Japan remains our favourite industrialised country. Even though the economy is suffering from a slowdown of exports, equity valuations not only remain attractive on a relative basis, but also on an absolute basis. Of all the industrialised countries, Japanese equities are valued by most favourably by far. The low indebtedness of Japanese companies is another argument: On average, the ratio of net indebtedness to EBITDA is below 1.5%, which is lower than in the other industrialised countries. In addition, the Japanese central bank continues to pursue an extremely loose monetary policy.
Individual European markets also appear attractive from a valuation perspective. In view of the pessimism that Europe is showing on the financial markets, this is not surprising. However, reservations on the part of investors are understandable given European equities’ years of sustained underperformance compared with the rest of the world (see Fig. 16), underpinned by largely stagnating corporate earnings.
Long-term underperformance of European equities compared with the rest of the world.
In view of its export orientation, a lack of momentum has increasingly turned the European equity market into a representative tool for the condition of the emerging economies. If demand accelerates in the emerging markets, companies will benefit, but this decline will be due to a lack of impetus in view of the structural growth weakness in the European domestic market.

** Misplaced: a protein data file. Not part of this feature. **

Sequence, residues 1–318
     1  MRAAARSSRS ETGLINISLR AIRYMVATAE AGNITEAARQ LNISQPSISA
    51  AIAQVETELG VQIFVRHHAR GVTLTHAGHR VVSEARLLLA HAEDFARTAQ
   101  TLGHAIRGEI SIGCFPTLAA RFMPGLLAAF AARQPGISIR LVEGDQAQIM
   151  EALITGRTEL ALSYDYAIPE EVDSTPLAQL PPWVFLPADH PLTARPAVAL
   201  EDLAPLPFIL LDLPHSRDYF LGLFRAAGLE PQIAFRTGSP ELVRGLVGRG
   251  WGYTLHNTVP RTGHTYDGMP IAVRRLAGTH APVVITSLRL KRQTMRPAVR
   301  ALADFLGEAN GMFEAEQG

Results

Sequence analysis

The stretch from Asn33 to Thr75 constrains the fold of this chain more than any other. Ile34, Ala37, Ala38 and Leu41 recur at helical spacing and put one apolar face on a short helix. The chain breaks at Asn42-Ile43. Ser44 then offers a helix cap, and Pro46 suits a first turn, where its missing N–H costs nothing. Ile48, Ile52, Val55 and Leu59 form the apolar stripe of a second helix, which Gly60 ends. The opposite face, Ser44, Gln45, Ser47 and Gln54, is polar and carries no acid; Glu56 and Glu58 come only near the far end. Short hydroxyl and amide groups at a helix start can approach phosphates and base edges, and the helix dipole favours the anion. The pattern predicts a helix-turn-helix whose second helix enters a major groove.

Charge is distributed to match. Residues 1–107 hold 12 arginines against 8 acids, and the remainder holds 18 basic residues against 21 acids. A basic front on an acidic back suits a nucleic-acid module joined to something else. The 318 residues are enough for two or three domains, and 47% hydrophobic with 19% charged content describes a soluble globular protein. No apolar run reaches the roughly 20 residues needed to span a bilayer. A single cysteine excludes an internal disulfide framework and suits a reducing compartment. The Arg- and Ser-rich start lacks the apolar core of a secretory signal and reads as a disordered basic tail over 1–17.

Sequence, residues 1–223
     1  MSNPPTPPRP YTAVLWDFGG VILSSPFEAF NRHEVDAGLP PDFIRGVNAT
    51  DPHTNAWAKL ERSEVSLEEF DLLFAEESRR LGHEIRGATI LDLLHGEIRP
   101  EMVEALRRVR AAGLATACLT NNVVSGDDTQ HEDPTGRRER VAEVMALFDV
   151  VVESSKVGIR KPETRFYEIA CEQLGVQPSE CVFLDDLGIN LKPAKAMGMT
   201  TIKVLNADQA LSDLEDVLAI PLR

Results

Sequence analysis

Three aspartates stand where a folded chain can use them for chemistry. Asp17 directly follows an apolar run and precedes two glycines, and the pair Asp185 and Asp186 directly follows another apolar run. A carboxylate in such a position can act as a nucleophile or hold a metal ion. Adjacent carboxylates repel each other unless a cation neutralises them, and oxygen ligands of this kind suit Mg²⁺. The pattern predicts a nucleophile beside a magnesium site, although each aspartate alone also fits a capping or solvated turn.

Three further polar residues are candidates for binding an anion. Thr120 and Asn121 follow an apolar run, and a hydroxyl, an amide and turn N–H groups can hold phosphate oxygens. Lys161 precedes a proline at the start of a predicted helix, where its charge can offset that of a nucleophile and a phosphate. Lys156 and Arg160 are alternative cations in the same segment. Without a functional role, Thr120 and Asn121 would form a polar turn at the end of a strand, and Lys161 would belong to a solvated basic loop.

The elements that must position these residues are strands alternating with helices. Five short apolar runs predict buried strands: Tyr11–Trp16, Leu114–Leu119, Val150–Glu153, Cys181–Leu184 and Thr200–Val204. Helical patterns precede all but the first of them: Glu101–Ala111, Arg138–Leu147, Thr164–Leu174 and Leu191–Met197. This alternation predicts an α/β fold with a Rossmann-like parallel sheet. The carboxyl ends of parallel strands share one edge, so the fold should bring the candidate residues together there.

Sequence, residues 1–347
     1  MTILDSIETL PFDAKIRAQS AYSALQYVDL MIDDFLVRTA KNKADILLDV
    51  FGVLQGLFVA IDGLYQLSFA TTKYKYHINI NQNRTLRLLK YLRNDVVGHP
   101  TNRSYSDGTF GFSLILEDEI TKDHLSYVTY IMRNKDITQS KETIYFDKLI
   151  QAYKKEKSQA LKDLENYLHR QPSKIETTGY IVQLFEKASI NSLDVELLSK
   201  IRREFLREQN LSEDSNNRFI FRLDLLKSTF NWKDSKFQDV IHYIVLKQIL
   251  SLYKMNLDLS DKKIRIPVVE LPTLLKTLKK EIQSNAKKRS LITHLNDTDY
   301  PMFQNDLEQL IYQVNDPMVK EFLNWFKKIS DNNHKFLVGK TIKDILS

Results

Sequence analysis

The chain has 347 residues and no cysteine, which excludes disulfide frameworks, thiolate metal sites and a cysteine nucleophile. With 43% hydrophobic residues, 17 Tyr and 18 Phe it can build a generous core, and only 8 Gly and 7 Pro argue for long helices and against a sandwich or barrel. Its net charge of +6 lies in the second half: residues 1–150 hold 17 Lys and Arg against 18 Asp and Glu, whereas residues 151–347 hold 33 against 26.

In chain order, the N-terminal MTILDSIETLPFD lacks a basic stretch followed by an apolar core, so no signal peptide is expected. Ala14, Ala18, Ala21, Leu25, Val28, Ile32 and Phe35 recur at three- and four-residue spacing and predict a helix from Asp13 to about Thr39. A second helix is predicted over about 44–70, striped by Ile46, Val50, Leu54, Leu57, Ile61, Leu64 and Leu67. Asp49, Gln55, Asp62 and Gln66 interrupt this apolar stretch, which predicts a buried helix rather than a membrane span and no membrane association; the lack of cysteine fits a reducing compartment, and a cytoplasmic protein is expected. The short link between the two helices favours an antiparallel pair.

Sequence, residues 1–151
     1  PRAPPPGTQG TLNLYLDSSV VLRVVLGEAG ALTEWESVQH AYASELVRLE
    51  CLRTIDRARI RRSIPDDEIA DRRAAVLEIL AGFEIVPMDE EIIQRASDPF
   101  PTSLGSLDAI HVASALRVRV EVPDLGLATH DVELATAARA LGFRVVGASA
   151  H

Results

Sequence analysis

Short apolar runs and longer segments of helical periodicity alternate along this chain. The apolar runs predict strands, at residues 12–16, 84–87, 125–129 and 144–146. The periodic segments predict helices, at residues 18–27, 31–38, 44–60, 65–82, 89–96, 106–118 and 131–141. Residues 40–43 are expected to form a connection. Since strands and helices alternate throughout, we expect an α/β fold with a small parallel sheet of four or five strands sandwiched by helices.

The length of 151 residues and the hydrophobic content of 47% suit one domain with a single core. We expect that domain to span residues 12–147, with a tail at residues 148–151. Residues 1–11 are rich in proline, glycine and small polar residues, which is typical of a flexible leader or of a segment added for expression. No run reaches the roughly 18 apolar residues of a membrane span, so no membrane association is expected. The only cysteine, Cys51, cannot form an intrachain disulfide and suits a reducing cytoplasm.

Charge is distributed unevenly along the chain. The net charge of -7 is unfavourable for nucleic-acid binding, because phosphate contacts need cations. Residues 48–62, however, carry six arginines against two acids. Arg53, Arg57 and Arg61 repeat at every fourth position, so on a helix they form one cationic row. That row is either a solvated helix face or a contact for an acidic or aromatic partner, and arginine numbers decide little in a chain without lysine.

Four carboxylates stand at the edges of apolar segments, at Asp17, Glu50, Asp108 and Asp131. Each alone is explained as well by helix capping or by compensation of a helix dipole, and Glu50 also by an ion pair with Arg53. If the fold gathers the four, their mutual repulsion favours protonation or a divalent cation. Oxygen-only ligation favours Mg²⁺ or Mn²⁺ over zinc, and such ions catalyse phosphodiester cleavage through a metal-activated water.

Improved prospects for the emerging markets in the coming year could therefore also promise good things for Europe, even if the domestic economy is paralysed and the scope for monetary policy has been largely exhausted (despite assurances to the contrary by ECB representatives).
Particularly low valuations can be found in the countries on the periphery of Europe that have been shaken by the debt crisis, where, alongside Spain, Italy stands out above all. The Swiss equity market, on the other hand, is one of the most expensive in the world; however, in view of its defensive qualities, it should be able to hold its own in the coming year under the scenario of a weak economic environment and perform better than the European average.
At sector level, prospects are opening up for energy stocks and European banks, while technology stocks appear overpriced
Commodity-related equities, including energy stocks in particular, turned out to be one of the sectors with the weakest development over the past year. Against this backdrop, the sector's dividend return has risen to nearly 5%, the highest in more than twenty years and well above the return on ten-year US Treasury bonds (see Figure 17).
Attractive dividend return for energy stocks of almost 5% on average
From a valuation perspective, too, there are a number of arguments in favour of energy companies. Many stocks are quoted below the replacement value of their reserves, a situation last witnessed at the end of the previous decade in the wake of the global financial crisis.